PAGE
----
OFFICIAL: Colts Add Offensive Coordinator Bruce Arians

ESPN’s Adam Schefter reports that the Indianapolis Colts have found their new offensive coordinator, Bruce Arians. Arians was the offensive coordinator for the Pittsburgh Steelers from 2007-2011. How good was the Steelers offense during Arians’ tenure?

UPDATE: Former offensive coordinator Clyde Christensen has been offered to stay with the Colts as wide receivers coach.

UPDATE: Adam Schefter confirms that Arians is officially the Colts new offensive coordinator.

Overall Passing Rushing
2007 17th 22nd 3rd
2008 22nd 17th 23rd
2009 7th 9th 19th
2010 14th 14th 11th
2011 12th 10th 14th

One thing to remember about 2010 is that Ben Roethlisberger missed 4 games during the season serving a suspension for violating the NFL’s conduct policy. It certainly had an impact on offensive production for a quarter of the season.

In either case, the Steelers have been known both for their outstanding defenses and balanced offenses. They’ve never really been the league leaders offensively but have had enough weapons and balance to keep defenses guessing when games are on the line.

Arians won two AFC Championships during his tenure as offensive coordinator in Pittsburgh – 2008, 2010. He also won the Super Bowl in 2008. He won another AFC Championship and Super Bowl in Pittsburgh in 2005 as the team’s wide receivers coach.

Let’s take a quick look at how Arians broke down his offensive play-calling between runs and passes during his tenure with the Steelers organization. *Regular season numbers

Runs Passes Run % Pass %
2007 511 442 53.6 46.4
2008 460 506 47.6 52.4
2009 428 536 44.4 55.6
2010 471 479 49.6 50.4
2011 434 539 44.6 55.4

It’s pretty clear that Pittsburgh tried to run a balanced offensive attack under Arians. The team did lean on the passing game a bit more than the ground game in each of his seasons. Over the course of his tenure as the Steelers offensive coordinator, the team won 12, 9, 12, and 12 games in the regular season.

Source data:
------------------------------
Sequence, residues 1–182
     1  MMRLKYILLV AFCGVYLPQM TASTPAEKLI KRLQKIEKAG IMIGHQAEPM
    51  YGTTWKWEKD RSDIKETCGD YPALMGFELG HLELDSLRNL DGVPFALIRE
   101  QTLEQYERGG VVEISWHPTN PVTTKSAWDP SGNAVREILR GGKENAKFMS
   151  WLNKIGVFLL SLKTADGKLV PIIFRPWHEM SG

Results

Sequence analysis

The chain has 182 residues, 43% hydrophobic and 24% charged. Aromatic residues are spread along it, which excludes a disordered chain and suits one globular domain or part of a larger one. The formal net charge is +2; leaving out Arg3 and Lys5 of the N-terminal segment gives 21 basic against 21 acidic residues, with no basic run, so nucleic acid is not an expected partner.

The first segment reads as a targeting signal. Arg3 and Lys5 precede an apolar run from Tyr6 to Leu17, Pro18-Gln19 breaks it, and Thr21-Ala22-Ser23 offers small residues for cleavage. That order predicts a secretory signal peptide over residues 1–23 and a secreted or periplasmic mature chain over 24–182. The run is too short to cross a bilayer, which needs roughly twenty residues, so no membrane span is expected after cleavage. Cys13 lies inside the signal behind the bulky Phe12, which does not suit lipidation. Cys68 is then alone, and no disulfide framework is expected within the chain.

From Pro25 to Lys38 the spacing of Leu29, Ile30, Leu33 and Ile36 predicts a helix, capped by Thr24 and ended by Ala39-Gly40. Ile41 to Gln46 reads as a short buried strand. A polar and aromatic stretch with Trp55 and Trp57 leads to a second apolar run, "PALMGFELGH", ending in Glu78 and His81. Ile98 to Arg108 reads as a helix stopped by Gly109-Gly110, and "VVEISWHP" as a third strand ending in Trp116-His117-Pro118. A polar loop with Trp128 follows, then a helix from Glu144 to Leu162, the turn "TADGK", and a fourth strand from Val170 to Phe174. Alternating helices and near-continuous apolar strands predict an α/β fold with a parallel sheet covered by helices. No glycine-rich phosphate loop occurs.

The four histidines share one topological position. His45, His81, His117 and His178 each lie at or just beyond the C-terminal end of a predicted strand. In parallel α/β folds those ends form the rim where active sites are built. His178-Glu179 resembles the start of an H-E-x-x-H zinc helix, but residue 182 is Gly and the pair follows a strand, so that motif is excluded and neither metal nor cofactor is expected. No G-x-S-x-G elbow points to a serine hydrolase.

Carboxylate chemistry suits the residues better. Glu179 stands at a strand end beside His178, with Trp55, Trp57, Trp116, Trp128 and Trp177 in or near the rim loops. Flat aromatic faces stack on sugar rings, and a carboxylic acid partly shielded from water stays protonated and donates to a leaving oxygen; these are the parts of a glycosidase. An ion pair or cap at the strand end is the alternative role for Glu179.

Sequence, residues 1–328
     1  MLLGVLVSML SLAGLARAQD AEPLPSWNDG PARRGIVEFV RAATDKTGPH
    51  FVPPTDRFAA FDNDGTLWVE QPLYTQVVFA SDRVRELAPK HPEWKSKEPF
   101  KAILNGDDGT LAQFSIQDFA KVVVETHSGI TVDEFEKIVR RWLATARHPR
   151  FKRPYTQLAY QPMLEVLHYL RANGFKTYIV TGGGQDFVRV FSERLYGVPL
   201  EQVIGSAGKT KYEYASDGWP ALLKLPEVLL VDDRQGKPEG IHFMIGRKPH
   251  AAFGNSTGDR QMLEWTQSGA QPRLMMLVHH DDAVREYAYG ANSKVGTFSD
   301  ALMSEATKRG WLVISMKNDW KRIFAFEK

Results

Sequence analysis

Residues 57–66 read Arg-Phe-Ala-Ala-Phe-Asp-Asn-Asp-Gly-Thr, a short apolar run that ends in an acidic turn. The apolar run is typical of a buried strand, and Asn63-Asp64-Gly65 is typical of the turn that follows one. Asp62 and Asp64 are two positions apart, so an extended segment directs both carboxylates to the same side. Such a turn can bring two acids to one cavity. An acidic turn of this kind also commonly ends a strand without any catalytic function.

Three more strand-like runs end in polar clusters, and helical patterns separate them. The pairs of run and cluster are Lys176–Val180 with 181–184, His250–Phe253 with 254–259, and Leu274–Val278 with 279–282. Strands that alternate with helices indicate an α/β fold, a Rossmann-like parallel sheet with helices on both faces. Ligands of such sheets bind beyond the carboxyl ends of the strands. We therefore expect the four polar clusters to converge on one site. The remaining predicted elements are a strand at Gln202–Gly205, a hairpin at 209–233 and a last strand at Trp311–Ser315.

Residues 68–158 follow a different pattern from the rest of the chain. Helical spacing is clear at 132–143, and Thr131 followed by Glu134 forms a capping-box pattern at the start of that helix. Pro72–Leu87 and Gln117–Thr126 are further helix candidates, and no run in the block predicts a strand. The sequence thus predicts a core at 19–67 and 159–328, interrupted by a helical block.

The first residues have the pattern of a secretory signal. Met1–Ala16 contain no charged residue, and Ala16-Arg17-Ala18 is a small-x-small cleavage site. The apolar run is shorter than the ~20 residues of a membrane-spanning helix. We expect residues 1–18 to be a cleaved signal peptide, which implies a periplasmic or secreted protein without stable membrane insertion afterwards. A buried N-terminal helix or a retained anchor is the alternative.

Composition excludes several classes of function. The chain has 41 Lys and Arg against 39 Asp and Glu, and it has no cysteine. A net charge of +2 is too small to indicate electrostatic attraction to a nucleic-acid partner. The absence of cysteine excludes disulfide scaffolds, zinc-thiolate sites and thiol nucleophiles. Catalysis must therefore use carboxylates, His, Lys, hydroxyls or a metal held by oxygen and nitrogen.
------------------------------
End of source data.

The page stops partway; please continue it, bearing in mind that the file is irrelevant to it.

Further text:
Another interesting bit of information on Arians? He was the quarterbacks coach for the Indianapolis Colts from 1998-2000, Peyton Manning’s first three years in the league. Manning had one of the most prolific single-season turnarounds after his 3-13 rookie season, taking the Colts to a 13-3 record as an NFL sophomore. He improved his completion percentage, reduced his interceptions, significantly improved his quarterback rating, and threw over 4,000 yards for the first time in his career.

While it has been some time since Manning has worked with Arians, a couple things should be relatively clear. First, if the team does bring Manning back to finish his career in Indianapolis, he will not be unfamiliar with the man he works with to guide the offense. Second, if Andrew Luck or Robert Griffin III are selected first overall by the Colts in the upcoming draft, the same man who welcomed Peyton Manning into the league will have a significant influence on the youngster’s development.

There are plenty of differences between the Steelers offense and the one with which fans in Indianapolis have become familiar. Those differences could make the performance of Arians’ offenses in Pittsburgh only loosely illustrative of what the fan community might expect out of him with Manning or Luck leading the way.

However, an experienced NFL coach who has ties to the Colts, has won Super Bowls from two different positions, and knows what it’s like to coach and be a part of top organizations is on board.

Head Coach Chuck Pagano has started to deliver on his promise to get right to work filling the coaching staff at his press conference on Thursday.

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